If you have recently purchased the Moultrie Game Camera and are not sure or not experienced in the set up of game cameras, then following a few simple rules can result in excellent photos of the animals you are pursuing.
Whether you are in pursuit of a big deer sporting a large rack or are an avid nature enthusiast looking to capture what inhabits the woods around you, proper placement and operation of the camera is crucial to your success. Proper set up will avoid false readings, glare from the sun, or poor picture quality due to interference from camouflage or poor camera height.
One of the first steps you need to do, that is often overlooked by first time users of these game cameras, is to check for any updates to the software your game camera operates utilizes. This is as simple as logging onto the Moultrie website, included in the manual instructions, and check for any updates to your camera version. Then follow the easy online instructions that will walk you through the installation instructions.
Secondly, another easily overlooked procedure that will save you both time and frustration, is to mark your video (SD) chips and cameras, and if you are using more than one location, use a positioning device if available to mark your set up locations. Simply number your cameras and chips, and keep a digital or physical diary of the locations you are recording. This procedure is often overlooked resulting in a lot of time spent looking and locating lost cameras, or even worse, never finding them at all.
A lot of beginning users fail to set their cameras in the proper direction, which is, if possible, facing in a northerly direction. Facing your camera south may result in poor picture quality due to the glare from the sun ruining many shots, or shadows passing over the sensor setting the camera off, wasting valuable space on your SD card.
Now that you have the basic procedures down, and have ventured into the area you want to set your Moultrie game camera up, there are some tricks you can use to help you get the perfect shot you desire. Many first time users will just step off to the side of the trail and hang their camera at a 90 degree (perpendicular) angle to it. This method often results in pictures of incomplete or even no animals in the frame. This is due to the slight delay from the sensor being triggered and the photo being taken. If you set the sensor too sensitive, then as stated previously, you will waste valuable chip space due to the camera shoot pictures when the wind blows branches or other debris setting off the sensor.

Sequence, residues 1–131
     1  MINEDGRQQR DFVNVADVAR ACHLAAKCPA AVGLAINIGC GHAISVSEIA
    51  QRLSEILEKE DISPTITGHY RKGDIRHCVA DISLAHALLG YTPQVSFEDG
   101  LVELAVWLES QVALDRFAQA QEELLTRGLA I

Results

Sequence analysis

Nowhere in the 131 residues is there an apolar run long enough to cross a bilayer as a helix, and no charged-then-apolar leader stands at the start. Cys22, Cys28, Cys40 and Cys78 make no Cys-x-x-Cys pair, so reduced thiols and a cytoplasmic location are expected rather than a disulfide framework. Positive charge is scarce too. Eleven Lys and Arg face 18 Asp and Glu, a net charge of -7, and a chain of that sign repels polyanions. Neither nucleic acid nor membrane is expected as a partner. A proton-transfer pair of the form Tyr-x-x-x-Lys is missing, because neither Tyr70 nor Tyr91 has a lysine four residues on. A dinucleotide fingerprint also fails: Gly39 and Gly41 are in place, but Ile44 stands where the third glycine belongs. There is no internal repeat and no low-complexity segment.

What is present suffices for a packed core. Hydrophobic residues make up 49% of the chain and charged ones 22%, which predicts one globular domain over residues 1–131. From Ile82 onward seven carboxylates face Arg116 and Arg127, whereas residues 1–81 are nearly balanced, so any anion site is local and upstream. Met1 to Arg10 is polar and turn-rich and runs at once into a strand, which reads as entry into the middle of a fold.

An easy way to avoid this, and may possibly increase your chances of getting multiple shots as the animal, is to mount you Moultrie game camera at a 45 degree angle to the trail you are scouting. This will allow for a greater field of vision for the camera to utilize and will increase the trigger time for the camera to take multiple shots of the animal. This simple step will greatly improve your chances of getting that perfect shot.
Another over looked procedure is to hang your camera at least head high for maximum trail visibility. Waist high or lower applications will result in many pictures taken that are unclear as the animal is too close to the camera and may also result in many incomplete ones as well, as larger animals take up more area in the picture frame.
Although many do not want to think that there are undesirables or thieves roaming the wood, this can happen, especially in areas far from your dwelling or when setting up in public areas such as state parks or forests. The Moultrie game camera comes equipped with easy to use straps for mounting to the tree or other object you may be using, but as easy as it is to set up, it is just as easy to remove.
Security cables, although expensive, can be a good deterrent to casual thieves, but some game camera users have reported trees being cut down for the cameras they contain. Although the Moultrie game camera is camouflaged straight from the factory and many contain security codes that render the camera useless to thieves with out it, try to avoid obvious areas, such as along logging roads and near feeders.
Hanging your cameras at least head high or even higher and utilizing natural camouflage will help deter this event from occurring. But you will want to ensure that this or other native vegetation does not obscure your field of view, thus ruining your shot. Taking a couple test photos before you leave your set up location will help to avoid this from happening.
Finally it is time to return and collect your pictures. Many over eager camera users will rush out and gather their photos with out recording which information was obtained from which camera and location. By utilizing the numbering system you developed when placing your cameras, this process has already been started. When downloading your information to a computer, create a file for each specific camera in operation. Put in the camera and chip number, GPS coordinates of the set up, and any other pertinent information you might wish to add, then down load each camera to that specific file. This will help you avoid the time and hassle of going through tons of picture files looking for that perfect shot.
Using these simple to follow instructions will help you to avoid many of the errors committed by first time users of game cameras. After all the time you have put into this adventurous set up, you do not want to have poor quality shots so taking the time to do a bit more will be well worth it. Good luck and happy hunting.
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